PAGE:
Student Committee and Staff minutes and reports are some of the best sources of information about the YWCA's program of religious education. Concern over college students' tendency to abandon religion led the National Association to pay particular attention to the content of and methods for engaging college students in deeper thinking about religion. Some of the staff members most closely associated with the YW's religious program worked for the Student Department and Student secretaries taught religion courses in the Training School.
Since the students were responsible for proposing many of the more radical Convention resolutions and additions to the Public Affairs Program, the materials record not only the formation of these resolutions, but also vigorous advocacy on their behalf. Advocacy activities are documented in the Conference and Council materials as well as in publications, especially newsletters put out by the National Student Council. In addition, the materials provide evidence of the students' impatience with the pace of change in the National Association, particularly from the 1960s on, as the "generation gap" became more acute.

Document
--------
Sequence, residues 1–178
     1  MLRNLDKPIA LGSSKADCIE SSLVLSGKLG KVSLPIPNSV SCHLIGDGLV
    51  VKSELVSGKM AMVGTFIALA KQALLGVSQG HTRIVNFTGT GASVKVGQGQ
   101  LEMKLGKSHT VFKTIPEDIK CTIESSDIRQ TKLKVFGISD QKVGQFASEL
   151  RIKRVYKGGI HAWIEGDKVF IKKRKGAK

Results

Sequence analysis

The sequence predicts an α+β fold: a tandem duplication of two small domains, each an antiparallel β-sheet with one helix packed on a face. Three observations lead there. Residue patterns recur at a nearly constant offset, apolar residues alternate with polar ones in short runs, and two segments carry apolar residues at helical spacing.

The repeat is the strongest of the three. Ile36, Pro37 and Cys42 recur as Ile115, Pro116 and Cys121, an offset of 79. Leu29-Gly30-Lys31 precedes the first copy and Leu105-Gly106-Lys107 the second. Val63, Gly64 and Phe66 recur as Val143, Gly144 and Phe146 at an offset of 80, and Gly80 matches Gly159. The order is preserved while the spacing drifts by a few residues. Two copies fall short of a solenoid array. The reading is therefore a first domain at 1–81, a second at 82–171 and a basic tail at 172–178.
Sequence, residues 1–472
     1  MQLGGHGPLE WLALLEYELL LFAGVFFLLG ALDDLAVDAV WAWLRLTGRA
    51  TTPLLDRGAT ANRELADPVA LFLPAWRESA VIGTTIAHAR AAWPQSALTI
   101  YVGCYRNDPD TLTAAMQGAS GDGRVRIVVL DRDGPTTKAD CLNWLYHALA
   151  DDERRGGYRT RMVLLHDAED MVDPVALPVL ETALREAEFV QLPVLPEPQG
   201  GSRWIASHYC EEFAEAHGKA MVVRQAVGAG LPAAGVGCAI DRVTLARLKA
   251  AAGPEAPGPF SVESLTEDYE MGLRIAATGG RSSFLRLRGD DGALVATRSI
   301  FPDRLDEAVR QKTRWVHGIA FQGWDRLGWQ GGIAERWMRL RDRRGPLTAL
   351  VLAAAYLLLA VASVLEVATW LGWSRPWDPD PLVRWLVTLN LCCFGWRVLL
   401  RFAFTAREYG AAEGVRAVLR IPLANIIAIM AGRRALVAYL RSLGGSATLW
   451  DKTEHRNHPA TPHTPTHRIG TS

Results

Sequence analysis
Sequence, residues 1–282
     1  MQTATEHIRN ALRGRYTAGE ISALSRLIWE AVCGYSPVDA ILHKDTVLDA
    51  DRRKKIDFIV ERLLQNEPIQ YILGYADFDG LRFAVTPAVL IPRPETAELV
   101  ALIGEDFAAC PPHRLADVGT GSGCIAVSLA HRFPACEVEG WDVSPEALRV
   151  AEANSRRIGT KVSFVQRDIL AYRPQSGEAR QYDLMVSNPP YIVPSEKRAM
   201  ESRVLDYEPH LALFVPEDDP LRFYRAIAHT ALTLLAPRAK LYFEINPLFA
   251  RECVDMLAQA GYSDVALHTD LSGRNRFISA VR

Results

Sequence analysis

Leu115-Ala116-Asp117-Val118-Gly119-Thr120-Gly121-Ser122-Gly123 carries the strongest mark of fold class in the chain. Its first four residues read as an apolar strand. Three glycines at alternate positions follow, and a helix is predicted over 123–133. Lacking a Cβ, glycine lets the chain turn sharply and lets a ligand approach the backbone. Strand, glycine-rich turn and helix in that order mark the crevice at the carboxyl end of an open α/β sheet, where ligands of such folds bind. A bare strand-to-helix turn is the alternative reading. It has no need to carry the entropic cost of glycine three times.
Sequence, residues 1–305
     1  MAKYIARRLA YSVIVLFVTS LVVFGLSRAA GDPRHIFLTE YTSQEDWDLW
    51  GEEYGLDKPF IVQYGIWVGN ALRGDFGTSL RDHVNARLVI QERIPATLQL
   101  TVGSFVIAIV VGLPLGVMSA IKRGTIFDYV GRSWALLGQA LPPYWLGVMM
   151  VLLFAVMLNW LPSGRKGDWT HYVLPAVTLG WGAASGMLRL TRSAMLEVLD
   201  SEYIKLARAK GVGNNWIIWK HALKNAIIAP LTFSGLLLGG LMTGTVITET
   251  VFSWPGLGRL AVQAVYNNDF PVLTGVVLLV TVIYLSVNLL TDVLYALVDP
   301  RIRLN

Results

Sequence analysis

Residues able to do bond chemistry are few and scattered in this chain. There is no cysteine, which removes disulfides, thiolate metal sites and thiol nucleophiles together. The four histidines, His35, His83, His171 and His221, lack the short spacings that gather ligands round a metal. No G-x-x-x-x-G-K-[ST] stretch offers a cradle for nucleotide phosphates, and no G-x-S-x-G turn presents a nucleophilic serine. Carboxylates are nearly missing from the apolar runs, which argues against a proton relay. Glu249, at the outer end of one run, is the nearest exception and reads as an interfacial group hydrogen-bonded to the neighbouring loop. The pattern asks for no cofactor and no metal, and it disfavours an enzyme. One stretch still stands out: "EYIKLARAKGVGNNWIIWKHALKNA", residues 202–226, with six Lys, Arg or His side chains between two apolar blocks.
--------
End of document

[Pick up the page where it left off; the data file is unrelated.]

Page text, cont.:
The Organization files are a good source of information about national and international student Christian organizations and their activities from the intense activity of the early years through their general decline as the twentieth century wore on. Documentation about YMCA-YWCA joint activities is particularly strong.
Prior to the establishment of the Services to Student Associations office in 1975, the Student Division does not seem to have maintained files on individual Associations. Reports written by regional staff (in the Region section) are the best source of earlier information on individual Student Associations.